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Mass Spectrometry in the Australian Landscape


Davies, NW, Mass Spectrometry in the Australian Landscape, ANZSMS24, Book of Abstracts, 2nd-6th Feb, 2013, Melbourne (2013) [Plenary Presentation]


Mass spectrometry has played a crucial role in developing our understanding of the complex chemical ecology of the Australian bush and plantation forests. Pheromones used for communication between individuals of the same species, and the chemical defences of eucalypts against herbivory and fungal decay are part of this broad picture. On the other side of an evolutionary battle, herbivorous marsupials have evolved unique and complex metabolic pathways to counter their otherwise toxic essential oil and phenolic rich diet. A wide range of organic chemical classes from relatively simple (but often novel) aliphatic compounds through to hydrolysable tannins, condensed tannins, flavonoids, formylated phloroglucinol compounds (FPCs), and highly oxidized terpenes are part of this complex network. As well as being fundamental to the assignment of known organic compounds, mass spectrometry has enabled the determination of the structures or partial structures of many new compounds in these groups. Examples include highly oxidized terpene metabolites (including the major koala metabolites), the discovery of the mechanism of feeding deterrence conferred by the presence of high FPC levels in eucalypt leaves, the discovery of many new types of FPCs in eucalypt leaves and wood, an increased understanding of eucalypt tannin chemistry, and highly complex possum cloacal pheromone secretions. This presentation will describe some of these examples of our research on Australian flora and fauna.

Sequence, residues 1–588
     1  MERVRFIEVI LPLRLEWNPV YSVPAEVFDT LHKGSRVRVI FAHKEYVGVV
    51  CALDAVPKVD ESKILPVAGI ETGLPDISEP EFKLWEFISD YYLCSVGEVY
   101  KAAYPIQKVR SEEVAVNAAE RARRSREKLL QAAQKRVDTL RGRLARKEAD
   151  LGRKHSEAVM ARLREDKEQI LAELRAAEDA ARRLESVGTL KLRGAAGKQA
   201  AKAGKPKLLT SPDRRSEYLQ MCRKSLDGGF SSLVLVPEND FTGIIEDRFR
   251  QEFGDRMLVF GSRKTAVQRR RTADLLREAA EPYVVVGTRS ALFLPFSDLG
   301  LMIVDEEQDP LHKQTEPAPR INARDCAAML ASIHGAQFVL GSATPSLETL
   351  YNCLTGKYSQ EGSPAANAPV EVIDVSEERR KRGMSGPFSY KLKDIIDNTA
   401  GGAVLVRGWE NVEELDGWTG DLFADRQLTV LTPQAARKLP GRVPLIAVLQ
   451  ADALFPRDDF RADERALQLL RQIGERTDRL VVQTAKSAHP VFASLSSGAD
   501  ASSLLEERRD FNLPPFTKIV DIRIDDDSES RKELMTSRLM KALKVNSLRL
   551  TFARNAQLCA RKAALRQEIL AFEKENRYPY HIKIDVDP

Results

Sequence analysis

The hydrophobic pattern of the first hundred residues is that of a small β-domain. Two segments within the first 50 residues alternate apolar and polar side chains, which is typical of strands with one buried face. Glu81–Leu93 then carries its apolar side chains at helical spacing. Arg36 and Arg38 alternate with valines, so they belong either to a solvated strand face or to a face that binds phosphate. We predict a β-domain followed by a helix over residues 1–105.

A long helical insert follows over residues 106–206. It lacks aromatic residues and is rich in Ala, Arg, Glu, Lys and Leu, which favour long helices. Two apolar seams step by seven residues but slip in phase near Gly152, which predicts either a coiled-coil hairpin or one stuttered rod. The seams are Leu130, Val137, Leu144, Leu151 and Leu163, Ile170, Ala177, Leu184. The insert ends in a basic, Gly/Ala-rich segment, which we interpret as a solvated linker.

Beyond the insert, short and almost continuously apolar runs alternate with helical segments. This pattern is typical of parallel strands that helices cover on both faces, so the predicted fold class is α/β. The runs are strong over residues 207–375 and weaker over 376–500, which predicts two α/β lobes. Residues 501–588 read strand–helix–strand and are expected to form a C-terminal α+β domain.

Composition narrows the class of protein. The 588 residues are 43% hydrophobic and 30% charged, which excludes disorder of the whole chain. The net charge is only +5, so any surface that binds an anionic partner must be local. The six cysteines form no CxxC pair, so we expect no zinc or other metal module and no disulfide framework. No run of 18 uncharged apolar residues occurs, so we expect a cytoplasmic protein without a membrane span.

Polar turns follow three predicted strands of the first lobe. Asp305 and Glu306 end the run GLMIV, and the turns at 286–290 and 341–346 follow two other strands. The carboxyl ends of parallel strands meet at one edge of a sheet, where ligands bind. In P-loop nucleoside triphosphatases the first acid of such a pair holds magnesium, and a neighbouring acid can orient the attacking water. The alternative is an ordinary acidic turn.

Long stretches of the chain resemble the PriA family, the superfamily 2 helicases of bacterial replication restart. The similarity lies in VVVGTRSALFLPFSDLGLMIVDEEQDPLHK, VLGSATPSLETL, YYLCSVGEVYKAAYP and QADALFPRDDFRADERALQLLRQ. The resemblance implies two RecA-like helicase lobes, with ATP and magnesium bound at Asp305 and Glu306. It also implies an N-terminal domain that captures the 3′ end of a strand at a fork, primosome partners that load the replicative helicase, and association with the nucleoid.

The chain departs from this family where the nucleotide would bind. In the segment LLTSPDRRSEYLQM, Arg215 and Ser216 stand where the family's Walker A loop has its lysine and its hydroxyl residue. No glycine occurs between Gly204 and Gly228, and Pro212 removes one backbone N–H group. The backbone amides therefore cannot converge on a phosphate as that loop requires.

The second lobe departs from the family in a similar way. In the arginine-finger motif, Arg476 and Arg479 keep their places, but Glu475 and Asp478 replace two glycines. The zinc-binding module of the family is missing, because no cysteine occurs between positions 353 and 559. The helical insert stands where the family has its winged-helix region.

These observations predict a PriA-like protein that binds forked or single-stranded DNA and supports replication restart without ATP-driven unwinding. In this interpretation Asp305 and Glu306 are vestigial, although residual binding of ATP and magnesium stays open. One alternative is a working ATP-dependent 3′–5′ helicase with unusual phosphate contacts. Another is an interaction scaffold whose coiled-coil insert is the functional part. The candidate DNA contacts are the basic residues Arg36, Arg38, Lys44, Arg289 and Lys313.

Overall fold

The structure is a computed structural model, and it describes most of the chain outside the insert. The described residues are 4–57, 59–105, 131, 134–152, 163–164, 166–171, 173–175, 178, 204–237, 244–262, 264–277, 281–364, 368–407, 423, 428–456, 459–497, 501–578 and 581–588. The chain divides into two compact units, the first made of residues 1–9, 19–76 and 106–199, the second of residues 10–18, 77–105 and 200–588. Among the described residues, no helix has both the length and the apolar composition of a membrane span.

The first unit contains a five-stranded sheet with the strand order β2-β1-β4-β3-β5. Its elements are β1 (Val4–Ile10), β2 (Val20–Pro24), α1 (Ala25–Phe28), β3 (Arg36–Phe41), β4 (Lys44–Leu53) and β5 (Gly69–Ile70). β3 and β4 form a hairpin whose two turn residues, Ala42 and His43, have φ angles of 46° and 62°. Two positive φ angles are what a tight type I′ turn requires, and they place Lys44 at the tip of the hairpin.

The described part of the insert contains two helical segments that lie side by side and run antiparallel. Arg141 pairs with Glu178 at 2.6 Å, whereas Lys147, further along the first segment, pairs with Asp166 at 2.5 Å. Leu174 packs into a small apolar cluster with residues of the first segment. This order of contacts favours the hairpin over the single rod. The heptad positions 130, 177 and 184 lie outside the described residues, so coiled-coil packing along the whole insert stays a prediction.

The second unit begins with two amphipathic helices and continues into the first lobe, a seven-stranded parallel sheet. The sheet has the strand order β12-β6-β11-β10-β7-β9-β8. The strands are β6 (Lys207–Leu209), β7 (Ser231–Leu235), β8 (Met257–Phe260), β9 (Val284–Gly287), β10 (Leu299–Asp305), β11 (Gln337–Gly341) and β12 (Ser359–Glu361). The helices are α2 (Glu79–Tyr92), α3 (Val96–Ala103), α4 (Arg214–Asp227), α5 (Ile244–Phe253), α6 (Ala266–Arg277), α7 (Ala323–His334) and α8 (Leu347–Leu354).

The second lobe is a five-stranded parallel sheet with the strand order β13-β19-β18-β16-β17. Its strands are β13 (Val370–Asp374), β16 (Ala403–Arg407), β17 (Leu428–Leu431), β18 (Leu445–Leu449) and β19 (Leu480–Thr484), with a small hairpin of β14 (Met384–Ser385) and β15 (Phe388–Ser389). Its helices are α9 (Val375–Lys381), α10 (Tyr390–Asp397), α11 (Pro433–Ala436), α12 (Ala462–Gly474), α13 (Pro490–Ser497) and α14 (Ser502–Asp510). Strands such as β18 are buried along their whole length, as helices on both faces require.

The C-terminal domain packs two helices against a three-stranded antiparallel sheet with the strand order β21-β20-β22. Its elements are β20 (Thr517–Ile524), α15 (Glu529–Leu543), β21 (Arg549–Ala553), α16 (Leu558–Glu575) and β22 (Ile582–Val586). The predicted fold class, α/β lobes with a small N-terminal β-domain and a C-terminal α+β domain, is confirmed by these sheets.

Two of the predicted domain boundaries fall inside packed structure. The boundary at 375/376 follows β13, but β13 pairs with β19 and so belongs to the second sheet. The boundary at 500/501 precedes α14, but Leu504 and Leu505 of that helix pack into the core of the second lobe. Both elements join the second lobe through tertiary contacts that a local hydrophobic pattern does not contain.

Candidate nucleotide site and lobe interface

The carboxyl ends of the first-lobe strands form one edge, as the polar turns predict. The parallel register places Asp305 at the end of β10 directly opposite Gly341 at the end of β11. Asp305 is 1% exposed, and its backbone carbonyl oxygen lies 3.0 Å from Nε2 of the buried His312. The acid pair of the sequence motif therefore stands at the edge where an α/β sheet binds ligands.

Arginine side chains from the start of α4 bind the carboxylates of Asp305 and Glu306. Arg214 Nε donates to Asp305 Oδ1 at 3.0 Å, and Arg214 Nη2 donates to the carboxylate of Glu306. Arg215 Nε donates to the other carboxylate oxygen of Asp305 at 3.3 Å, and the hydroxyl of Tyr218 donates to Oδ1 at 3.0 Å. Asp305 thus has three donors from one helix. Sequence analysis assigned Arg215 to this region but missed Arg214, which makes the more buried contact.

Item Details

Item Type:Plenary Presentation
Keywords:mass spectrometry, Australian flora and fauna
Research Division:Chemical Sciences
Research Group:Analytical chemistry
Research Field:Instrumental methods (excl. immunological and bioassay methods)
Objective Division:Expanding Knowledge
Objective Group:Expanding knowledge
Objective Field:Expanding knowledge in the chemical sciences
UTAS Author:Davies, NW (Associate Professor Noel Davies)
ID Code:82179
Year Published:2013
Deposited By:Central Science Laboratory
Deposited On:2013-01-18
Last Modified:2013-10-16

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